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European Spine Journal

, Volume 28, Issue 12, pp 3011–3017 | Cite as

Usefulness of dynamic contrast-enhanced magnetic resonance images for distinguishing between pyogenic spondylitis and tuberculous spondylitis

  • Hiroshi MiyamotoEmail author
  • Masao Akagi
Original Article

Abstract

Purpose

Dynamic contrast-enhanced (DCE)-MRI is used for examining the features of malignant tumours in radiology, and we can obtain more information in terms of the diffusion of the media over the course of time. The purpose of this study was to clarify the usefulness of DCE-MRI for distinguishing pyogenic spondylitis (PS) and tuberculous spondylitis (TB).

Methods

Forty-five consecutive patients diagnosed with PS (68.6 ± 11.1 years old, males 30 and females 15) and 14 with TB (73.9 ± 9.1 years old, males 6 and females 8) were involved. DCE-MRI consisted of serial six sagittal images which were taken every 20 s after intravenous gadolinium administration. Degree of enhancement, presence of epidural abscess, presence of necrosis in vertebra, presence of enhancement in disc lesion, pattern of diffusion, and maximum contrast index were examined and compared between PS and TB.

Results

Degree of enhancement, percentage of epidural abscess, and percentage of necrosis in vertebra were 2.1 ± 0.5 and 1.8 ± 0.8, 60.7% and 100%, 50.0% and 66.7% for PS and TB, respectively, without statistical difference. Maximum contrast index, percentage of the diffusion pattern from the disc, and percentage of enhanced disc were 108.1 ± 22.3 and 78.2 ± 35.6 s, 89.3% and 0%, and 53.6% and 0% for PS and TB, respectively, with statistical significance.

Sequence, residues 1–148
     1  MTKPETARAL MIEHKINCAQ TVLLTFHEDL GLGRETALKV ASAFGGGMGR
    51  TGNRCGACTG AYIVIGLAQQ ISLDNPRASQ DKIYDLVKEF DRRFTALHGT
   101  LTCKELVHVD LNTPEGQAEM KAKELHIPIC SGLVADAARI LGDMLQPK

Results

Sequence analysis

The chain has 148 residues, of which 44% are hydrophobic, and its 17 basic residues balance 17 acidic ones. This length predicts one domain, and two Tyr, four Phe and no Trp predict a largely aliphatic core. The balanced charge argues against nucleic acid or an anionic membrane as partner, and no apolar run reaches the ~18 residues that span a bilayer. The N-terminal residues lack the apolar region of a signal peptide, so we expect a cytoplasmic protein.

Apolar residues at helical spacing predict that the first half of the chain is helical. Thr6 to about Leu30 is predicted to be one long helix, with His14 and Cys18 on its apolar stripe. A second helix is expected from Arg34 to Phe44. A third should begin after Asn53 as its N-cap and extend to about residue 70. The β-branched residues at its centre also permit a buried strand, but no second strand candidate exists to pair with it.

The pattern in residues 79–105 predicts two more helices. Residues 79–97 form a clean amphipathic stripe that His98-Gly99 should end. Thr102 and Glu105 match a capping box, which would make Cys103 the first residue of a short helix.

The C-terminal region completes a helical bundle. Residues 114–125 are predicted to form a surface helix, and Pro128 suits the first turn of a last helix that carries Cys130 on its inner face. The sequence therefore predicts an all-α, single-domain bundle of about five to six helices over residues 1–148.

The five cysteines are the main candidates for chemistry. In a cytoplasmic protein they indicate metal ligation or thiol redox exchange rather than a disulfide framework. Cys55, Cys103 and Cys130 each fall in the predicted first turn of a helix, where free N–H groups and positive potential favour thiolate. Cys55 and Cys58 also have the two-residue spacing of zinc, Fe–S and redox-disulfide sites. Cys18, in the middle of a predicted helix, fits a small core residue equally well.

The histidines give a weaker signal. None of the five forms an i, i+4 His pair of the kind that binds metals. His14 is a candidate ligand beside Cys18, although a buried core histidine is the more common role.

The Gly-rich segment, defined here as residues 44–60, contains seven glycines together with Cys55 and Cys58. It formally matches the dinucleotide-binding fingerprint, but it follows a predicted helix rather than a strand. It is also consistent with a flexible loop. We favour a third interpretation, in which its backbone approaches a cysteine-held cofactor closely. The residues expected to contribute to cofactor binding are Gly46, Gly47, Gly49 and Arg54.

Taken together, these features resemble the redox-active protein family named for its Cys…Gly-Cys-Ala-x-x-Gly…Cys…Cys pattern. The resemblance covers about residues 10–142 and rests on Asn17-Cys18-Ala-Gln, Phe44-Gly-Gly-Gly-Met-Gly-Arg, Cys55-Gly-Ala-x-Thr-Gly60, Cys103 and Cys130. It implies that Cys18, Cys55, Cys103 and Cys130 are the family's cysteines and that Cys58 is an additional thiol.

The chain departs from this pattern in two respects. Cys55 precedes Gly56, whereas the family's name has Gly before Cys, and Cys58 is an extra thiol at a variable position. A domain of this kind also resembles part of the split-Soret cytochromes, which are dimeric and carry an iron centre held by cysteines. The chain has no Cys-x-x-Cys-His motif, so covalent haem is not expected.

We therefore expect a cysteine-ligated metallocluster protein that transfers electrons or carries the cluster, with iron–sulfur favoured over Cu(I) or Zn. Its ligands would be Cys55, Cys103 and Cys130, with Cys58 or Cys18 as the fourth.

Conclusions

This study indicated that longer maximum contrast index, higher likelihood of diffusion pattern from the disc, and higher likelihood of enhanced disc are more specific to PS than TB. This less invasive imaging technique is useful for more accurate diagnosis of PS and TB.

Graphic abstract

These slides can be retrieved under Electronic Supplementary Material.

Keywords

Infectious spine Pyogenic spondylitis Tuberculous spondylitis Magnetic resonance image Dynamic contrast-enhanced 

Notes

Compliance with ethical standards

Conflict of interest

In this study, the authors have no potential conflict of interest.

Supplementary material

586_2019_6057_MOESM1_ESM.pptx (877 kb)
Supplementary material 1 (PPTX 877 kb)

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Copyright information

© Springer-Verlag GmbH Germany, part of Springer Nature 2019

Authors and Affiliations

  1. 1.Department of Orthopaedic SurgeryKindai University HospitalOsaka-SayamaJapan

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